Another form of study of plant life that is separate to Botanical Gardens is the study of entire ecosystems. These ecosystem models are carefully created to remove any trace of external influence and are sealed in biosphere domes to ensure that the ecosystem can evolve, grow or fail by itself. Again, Botanical Gardens do not have the requisite level of purity as many of the samples were stored together, muddled in with indigenous plants and handled in a manner unthinkable today.
The relatively modern Eden Project in Cornwall is far more controlled, precisely planned and scientifically administered with a good, tempting range of activities and points of interest nearby to attract the large numbers of visitors necessary to make the project a profitable concern.
This is not to say that Botanical Gardens are lying down and facing extinction quietly. Kew Gardens, in particular, is taking steps to expand into other fields to ensure its survival through the next few decades. Conservation and education are a catchphrase at Kew, as it endeavours to create a worldwide, readily-accessible database that can benefit researchers, scientist and students from all over the world.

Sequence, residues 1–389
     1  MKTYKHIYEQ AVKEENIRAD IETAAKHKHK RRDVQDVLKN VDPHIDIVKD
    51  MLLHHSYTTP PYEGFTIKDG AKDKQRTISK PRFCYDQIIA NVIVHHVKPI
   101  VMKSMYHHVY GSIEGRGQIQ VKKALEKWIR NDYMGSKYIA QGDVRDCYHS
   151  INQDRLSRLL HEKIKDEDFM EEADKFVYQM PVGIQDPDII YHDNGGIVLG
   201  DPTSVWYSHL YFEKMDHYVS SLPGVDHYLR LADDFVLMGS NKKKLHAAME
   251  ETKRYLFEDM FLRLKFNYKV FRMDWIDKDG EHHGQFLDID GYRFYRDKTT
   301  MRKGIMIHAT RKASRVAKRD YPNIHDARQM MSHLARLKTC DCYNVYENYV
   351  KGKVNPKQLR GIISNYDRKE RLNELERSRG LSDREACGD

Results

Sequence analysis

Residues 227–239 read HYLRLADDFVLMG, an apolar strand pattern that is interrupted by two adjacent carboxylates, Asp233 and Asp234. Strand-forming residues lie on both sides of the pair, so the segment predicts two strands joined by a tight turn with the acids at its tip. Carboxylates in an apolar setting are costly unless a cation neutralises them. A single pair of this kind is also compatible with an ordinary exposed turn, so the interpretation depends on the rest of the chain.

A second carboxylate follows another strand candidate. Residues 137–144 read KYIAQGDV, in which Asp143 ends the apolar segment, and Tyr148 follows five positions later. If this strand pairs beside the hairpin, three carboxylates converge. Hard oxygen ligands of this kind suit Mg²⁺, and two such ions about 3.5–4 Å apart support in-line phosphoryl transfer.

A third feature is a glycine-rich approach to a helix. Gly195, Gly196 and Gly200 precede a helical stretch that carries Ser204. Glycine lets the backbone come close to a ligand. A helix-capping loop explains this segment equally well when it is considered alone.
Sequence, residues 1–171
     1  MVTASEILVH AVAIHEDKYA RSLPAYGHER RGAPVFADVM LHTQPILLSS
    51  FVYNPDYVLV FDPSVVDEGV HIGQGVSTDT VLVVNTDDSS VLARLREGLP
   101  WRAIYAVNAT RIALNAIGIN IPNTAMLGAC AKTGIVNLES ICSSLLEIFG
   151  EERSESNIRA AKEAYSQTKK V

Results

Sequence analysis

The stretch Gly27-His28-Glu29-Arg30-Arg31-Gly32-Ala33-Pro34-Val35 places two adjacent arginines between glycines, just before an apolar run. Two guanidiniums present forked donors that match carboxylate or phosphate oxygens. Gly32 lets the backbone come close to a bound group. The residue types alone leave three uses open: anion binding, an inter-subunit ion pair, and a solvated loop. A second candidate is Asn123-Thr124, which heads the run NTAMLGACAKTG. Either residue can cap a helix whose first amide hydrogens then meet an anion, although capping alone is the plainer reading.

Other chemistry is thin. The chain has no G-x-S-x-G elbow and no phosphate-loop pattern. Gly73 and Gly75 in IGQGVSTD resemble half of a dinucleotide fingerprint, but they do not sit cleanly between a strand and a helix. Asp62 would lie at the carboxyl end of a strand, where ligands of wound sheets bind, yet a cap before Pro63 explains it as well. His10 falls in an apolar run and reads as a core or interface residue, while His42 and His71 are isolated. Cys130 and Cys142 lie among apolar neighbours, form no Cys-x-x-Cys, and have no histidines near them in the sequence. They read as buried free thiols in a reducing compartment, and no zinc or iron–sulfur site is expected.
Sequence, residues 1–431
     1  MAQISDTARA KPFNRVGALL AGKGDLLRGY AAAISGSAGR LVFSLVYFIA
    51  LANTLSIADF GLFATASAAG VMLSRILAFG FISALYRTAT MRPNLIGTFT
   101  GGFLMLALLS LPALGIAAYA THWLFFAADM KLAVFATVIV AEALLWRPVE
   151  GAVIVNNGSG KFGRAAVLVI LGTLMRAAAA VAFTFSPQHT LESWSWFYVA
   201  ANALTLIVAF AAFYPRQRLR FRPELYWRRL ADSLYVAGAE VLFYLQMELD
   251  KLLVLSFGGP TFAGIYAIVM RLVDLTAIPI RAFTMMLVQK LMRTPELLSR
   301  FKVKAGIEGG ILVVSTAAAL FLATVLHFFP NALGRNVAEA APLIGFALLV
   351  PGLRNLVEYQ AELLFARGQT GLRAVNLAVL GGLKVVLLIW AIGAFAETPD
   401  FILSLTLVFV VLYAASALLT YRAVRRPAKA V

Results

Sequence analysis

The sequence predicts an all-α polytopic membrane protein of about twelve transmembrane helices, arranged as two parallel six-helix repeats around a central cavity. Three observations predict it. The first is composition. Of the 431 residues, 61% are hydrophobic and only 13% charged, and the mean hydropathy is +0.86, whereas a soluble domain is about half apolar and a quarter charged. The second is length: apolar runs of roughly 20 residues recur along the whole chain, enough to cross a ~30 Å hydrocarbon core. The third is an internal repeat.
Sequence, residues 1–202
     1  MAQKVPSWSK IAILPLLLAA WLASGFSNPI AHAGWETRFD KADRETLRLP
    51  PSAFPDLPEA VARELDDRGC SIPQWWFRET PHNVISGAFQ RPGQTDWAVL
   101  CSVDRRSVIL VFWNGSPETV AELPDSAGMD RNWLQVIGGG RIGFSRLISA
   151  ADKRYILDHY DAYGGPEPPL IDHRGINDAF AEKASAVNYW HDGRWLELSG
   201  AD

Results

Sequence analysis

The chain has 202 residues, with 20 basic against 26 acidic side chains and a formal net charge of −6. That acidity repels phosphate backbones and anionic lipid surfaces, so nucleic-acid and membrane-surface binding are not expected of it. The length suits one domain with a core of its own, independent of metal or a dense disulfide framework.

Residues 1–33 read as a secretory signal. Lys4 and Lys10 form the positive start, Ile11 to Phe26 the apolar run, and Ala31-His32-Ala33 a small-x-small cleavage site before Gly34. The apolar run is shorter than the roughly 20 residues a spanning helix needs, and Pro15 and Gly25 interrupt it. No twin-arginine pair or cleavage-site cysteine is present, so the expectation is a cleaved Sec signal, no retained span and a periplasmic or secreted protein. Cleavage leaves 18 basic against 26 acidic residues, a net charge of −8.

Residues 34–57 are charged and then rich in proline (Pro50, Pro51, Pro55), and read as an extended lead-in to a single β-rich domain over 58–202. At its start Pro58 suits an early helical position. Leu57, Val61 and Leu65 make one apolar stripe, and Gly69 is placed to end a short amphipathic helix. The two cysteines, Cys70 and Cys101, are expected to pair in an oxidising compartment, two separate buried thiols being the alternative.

Kew is fortunate in that, from its very inception, it has been in the hands of enthusiastic experts, foresighted enough to take Kew through 250 years of research and study so far. Even as early as 1900, the experts at Kew turned their attention to use of plants as food and medicine, importing and studying cinchona bark (the bark of which provides us with quinine) and sugar cane. Currently their experts travel the globe, teaching Third World nations how to harness their natural resources and delicate ecosystems in a safe, sustainable way, and how to conserve unique natural features, like rainforests. Kew is exploring the use of plants in fields that range from food supplies to new medicines, textiles to bio-fuels and everything in between. It is significant that they are slowly moving away from the physical garden, spreading their wings into other countries to study plants in situ, rather than importing them for study and research.